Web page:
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AHRQ--Agency for Healthcare Research and Quality: Advancing Excellence in Health Care

Explore Your Treatment Options: Start the Conversation

A doctor talking to a patient.

Health care can be confusing.

Whether you are just starting treatment or your treatment is already underway, it is never too late to take an active role in your health care.

By talking with your doctor, nurses, and other people on your health care team, you can make sure you are not missing the best treatment for you.

Here are a few tips to help you better understand your treatment options:

1. Give your doctor as much information as you can.

Don’t wait for your doctor to ask questions. Share everything—even information that might be embarrassing. This information can help your doctor make better recommendations.

  • Tell your doctor about all your symptoms.
  • Talk about what is most important to your quality of life. You can use our Health Priorities Tool to make a list of what is important to you.
  • Keep a list of your past illnesses, operations, and treatments. Share the list with your family and bring it to your appointment.
  • Bring a list of your medicines (or bring them in a bag) to your appointment. Tell the doctor how much and how often you take each medicine.
  • Tell your doctor about allergies, reactions, or side effects you’ve had from medicines.
  • Tell your doctor if you take herbal products or alternative medicines, supplements, or treatments.

2. Ask as many questions as you need to understand your diagnosis.

If you do not ask questions, your doctor may think you understand everything you are being told.

Write down your questions before your visit so you do not forget anything. Start by asking the most important ones and work your way down the list. To get you started, here are some questions you might want to ask:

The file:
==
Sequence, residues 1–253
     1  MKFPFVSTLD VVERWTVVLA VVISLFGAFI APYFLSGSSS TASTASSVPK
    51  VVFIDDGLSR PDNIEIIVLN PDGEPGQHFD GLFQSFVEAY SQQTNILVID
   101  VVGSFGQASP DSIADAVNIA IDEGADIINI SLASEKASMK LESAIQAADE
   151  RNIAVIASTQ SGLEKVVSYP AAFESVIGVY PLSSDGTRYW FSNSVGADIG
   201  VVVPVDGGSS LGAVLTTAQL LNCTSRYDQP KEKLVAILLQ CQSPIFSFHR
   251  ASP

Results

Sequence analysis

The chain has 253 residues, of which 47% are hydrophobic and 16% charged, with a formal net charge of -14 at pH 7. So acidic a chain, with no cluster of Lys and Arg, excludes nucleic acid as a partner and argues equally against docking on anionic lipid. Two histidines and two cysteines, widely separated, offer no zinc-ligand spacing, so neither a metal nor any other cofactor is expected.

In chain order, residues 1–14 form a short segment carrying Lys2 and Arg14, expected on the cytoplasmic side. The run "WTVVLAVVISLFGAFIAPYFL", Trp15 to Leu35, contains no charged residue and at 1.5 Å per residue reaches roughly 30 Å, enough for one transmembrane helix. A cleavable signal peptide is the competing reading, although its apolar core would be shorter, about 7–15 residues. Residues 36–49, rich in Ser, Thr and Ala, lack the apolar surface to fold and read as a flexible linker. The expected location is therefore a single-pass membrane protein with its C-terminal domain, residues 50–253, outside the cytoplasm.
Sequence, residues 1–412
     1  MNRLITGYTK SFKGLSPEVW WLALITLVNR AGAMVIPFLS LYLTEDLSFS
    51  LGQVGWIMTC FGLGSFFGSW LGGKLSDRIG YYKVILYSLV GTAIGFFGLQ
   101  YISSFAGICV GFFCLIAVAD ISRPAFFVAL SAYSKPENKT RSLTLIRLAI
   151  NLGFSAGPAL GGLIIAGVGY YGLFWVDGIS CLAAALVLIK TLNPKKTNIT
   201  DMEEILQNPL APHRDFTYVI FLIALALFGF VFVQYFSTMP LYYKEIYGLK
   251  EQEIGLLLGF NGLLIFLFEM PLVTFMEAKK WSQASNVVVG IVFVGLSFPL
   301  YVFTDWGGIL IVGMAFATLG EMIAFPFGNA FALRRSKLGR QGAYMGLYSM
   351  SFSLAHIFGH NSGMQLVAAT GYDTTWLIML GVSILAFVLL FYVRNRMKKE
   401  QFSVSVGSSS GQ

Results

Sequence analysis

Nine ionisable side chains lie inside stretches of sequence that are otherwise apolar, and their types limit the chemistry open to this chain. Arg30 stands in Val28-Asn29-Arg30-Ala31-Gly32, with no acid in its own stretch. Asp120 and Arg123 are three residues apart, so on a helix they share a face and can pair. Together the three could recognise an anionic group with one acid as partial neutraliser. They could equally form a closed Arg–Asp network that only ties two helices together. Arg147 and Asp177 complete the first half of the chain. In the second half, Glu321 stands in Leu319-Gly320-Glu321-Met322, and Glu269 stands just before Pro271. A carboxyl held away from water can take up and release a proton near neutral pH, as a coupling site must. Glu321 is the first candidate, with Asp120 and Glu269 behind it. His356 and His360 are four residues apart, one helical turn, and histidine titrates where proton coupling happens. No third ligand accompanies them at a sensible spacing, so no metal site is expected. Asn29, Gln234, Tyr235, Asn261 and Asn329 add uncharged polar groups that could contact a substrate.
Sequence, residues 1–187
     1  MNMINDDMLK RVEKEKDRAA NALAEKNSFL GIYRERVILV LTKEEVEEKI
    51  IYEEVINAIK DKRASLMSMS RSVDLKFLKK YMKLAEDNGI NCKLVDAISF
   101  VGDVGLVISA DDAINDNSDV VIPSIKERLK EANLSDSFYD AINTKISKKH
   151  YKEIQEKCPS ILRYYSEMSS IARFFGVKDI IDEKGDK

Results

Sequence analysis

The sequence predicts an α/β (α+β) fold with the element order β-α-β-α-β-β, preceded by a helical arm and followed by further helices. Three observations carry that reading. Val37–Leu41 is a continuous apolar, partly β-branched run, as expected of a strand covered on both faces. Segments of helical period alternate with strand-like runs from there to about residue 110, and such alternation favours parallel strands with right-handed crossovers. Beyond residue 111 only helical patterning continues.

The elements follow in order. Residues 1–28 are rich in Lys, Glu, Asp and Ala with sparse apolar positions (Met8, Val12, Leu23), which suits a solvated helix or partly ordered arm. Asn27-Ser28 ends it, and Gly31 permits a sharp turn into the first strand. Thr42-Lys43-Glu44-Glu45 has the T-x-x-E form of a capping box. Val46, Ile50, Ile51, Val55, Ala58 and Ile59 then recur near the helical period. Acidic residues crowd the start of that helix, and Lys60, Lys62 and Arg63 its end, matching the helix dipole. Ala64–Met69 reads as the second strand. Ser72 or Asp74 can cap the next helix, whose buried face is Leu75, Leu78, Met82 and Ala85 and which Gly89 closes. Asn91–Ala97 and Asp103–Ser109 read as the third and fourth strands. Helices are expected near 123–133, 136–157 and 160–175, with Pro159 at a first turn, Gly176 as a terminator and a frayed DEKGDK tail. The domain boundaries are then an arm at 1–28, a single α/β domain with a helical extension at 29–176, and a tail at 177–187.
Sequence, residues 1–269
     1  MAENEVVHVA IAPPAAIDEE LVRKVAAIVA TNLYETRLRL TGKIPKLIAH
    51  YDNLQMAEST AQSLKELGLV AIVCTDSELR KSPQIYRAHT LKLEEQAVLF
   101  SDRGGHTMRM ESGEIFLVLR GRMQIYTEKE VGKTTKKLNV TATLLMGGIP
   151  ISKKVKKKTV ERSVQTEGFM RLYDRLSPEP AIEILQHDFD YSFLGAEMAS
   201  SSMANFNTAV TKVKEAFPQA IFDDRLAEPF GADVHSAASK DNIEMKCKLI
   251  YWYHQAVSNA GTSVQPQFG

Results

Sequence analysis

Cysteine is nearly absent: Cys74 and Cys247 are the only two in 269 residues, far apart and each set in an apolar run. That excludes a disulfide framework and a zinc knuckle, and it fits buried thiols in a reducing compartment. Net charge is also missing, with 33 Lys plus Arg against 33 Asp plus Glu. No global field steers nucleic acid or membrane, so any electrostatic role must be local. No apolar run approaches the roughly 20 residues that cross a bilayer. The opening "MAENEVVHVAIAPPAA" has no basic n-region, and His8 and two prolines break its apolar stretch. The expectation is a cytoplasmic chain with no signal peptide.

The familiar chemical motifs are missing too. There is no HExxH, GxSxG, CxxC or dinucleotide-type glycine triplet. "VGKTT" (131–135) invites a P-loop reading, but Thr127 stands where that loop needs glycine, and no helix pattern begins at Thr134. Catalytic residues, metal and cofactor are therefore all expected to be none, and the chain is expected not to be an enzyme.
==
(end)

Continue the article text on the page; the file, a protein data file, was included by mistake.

• Why would this treatment be good for me?
  • What are the chances this treatment will work?
  • When will I notice a difference?
  • How much does this treatment cost?
  • Will this treatment hurt?
  • What are my other options?
  • Are there side effects?
  • What can be done about the side effects?

3. Make sure you really understand the information.

  • Bring a pen and paper to your appointment and take notes. You can even ask the doctor’s office if you can record your talk with the doctor.
  • Bring someone with you to the appointment. Your spouse, your child, or your friend can help you ask questions and remember the answers you get.
  • You can ask your doctor to draw pictures to help explain what he or she means.
  • If you need more time with your doctor, ask for it. If your doctor cannot give you extra time that day, ask for another appointment or ask if you can speak to a nurse or physician assistant.
  • Ask for written instructions, brochures, Web sites, or videos that can help you understand your condition and treatment options. If your doctor does not have any, ask how to get more information.

4. Remember to follow up.

In some cases, you may need more information or care. Call your doctor’s office if:

  • You have more questions.
  • You feel worse.
  • You have problems with your medicines.
  • You have not gotten your test results.

By following these tips, you and your doctor can work together to find the best treatment for you.

Need help with taking the first step? You can use our Health Priorities Tool to make a list of what is important to you.

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